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Review finds ‘mixed’ compliance with free speech code

Education minister says Australian universities have until the end of the year to implement code

Australian universities may soon have to issue reports on their compliance with a government-mandated free speech code, after education minister Dan Tehan gave them until the end of the year to “honour their commitment to align their policies” with it.

Tehan released a report on 9 December outlining how far universities had gone towards complying with the “French Model Code”, which guarantees freedom of speech and academic freedom.

The report, written by former Deakin University vice-chancellor Sally Walker, was “mixed”, a statement from Tehan said. Only nine universities were fully compliant. The majority were considered “mostly aligned” with the code or partly aligned, with significant areas lacking, but six universities, including the Australian National University, did not have either policies or draft policies that were fully aligned.

Tehan suggested that formal reports from the universities may be required. “I strongly urge those universities that have not already done so to take action,” he said.  

Robert French, a former chief justice of the High Court, wrote the Model Code in 2019 as part of a “review of freedom of speech in Australian higher education providers”. It covers free speech and academic freedom for university staff at all levels, as well as for student organisations and visiting speakers. The right for academics to speak about their areas of research and to discuss their personal views is protected under the code, along with the right to “express their opinions in relation to the higher education provider in which they work or are enrolled”.

The code protects university members from being intimidated for what they say, but its protections “do not extend to a duty to protect any person from feeling offended or shocked or insulted by the lawful speech of another”.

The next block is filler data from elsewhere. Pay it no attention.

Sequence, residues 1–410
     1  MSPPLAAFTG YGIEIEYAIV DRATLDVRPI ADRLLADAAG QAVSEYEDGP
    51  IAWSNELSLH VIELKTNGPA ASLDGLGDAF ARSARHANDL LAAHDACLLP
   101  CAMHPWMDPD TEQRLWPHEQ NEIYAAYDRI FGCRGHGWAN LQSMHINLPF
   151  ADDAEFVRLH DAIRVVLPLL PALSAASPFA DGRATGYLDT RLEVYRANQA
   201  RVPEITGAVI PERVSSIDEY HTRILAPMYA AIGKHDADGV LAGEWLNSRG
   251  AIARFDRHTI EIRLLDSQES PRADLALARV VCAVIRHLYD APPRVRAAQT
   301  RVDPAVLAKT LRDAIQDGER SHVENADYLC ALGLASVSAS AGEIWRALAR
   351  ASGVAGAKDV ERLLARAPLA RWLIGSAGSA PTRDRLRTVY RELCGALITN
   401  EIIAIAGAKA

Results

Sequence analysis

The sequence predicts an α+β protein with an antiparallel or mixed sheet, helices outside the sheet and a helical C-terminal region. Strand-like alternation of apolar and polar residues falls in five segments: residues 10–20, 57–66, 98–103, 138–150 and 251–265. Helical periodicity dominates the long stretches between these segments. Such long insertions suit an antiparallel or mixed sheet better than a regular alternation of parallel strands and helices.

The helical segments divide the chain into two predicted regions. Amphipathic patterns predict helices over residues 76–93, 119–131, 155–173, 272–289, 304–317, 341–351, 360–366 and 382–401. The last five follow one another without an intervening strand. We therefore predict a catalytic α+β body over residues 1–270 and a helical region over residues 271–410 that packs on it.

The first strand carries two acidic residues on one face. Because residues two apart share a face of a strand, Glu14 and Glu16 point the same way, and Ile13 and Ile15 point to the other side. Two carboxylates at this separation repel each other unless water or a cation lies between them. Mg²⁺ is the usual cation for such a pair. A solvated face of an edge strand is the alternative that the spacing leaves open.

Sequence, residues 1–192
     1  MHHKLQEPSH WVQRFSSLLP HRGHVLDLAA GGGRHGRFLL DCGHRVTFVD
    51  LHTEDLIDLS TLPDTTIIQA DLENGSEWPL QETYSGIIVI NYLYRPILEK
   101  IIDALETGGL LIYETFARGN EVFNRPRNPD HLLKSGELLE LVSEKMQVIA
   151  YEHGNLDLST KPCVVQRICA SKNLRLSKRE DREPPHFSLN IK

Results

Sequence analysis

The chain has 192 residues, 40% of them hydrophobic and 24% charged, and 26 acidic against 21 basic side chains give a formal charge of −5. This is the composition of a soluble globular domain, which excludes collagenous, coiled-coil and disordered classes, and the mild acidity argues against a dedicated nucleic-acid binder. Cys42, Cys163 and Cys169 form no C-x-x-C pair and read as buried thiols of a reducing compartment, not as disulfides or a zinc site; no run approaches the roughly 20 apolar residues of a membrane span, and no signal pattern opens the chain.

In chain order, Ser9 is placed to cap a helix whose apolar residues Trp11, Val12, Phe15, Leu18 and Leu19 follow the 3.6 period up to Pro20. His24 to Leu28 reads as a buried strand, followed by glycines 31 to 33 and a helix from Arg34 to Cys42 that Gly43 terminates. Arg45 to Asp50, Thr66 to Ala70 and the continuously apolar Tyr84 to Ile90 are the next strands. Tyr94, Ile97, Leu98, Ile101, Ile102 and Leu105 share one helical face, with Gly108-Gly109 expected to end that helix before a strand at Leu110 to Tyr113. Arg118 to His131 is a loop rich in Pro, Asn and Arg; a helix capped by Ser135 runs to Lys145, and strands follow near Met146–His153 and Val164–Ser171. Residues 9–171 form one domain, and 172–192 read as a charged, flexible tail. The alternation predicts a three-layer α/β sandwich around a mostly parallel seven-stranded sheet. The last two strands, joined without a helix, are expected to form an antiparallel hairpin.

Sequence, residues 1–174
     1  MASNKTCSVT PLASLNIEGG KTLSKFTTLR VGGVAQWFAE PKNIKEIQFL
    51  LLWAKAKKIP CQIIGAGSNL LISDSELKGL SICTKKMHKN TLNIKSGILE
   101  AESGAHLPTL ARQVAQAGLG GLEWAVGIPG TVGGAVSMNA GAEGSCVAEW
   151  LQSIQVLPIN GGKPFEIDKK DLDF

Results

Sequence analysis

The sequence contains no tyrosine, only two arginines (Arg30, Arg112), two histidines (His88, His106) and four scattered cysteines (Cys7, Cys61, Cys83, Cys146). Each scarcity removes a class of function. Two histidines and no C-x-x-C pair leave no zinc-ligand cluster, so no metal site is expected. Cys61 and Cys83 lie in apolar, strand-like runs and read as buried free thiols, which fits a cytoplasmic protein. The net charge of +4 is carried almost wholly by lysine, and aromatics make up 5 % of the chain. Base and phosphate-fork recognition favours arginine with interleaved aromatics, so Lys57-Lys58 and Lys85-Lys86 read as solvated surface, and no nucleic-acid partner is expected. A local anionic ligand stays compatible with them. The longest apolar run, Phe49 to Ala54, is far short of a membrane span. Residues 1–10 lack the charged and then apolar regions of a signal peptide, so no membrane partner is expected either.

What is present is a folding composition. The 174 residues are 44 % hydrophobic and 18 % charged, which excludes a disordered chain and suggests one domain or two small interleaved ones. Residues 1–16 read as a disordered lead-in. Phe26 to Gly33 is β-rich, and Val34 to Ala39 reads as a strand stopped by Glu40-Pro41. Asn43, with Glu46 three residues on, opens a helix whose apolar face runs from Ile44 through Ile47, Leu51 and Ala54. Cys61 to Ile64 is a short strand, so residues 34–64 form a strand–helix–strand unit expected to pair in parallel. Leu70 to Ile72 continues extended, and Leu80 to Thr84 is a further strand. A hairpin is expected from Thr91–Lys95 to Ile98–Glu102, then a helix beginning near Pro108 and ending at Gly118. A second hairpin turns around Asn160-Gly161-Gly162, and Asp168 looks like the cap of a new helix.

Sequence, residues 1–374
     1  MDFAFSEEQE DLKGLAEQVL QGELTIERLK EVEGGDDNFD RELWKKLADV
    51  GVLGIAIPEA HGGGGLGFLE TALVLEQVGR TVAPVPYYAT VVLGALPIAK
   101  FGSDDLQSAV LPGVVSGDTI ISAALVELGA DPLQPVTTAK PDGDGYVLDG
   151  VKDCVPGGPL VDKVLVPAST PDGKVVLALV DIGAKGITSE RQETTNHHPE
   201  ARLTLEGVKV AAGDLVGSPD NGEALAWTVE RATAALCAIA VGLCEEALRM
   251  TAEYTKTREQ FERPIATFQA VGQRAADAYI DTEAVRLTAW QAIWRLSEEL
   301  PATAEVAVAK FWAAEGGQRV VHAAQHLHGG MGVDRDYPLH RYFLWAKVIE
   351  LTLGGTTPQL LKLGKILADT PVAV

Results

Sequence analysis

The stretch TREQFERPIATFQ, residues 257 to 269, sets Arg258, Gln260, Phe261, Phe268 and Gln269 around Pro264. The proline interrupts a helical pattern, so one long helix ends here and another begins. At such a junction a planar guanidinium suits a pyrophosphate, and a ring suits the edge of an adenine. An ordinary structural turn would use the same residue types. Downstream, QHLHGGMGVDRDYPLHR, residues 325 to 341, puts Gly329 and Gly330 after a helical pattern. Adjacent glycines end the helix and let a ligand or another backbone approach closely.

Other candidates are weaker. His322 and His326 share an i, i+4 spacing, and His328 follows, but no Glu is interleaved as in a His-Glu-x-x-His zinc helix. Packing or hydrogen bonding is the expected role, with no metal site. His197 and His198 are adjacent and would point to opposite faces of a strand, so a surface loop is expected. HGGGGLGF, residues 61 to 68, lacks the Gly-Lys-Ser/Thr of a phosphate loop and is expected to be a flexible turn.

When the French report was commissioned, it was seen as being a response to the practice of ‘deplatforming’, where protests prevented controversial views being aired on campus, often by invited speakers. Protests at the University of Sydney over a speaking tour by writer Bettina Arndt were subject to an external investigation by the university, which cleared the students.

The vice-chancellors’ group Universities Australia responded to the latest report by issuing a statement saying: “Australia’s 39 comprehensive universities have reiterated the sector’s commitment to freedom of expression and freedom of inquiry.”

UA chair Deborah Terry said: “Walker’s review found that 23—more than half of the nation’s comprehensive universities—had policies that are fully or mostly aligned to the model code. The rest are on their way to getting there. The important thing is to get this right.

“As autonomous institutions, with diverse missions, each university’s process will be different. Some universities have completed that complex process. Some have not.”

Tehan told Sky News that “the government has reserved the right to also have the Tertiary Education Quality and Standards Agency look at this. Because once it’s part of the annual reports, they can get involved—that’s the regulatory body that looks after universities—that they’ll really start to understand that it’s not just statements, it’s actual policies in place that’s required.”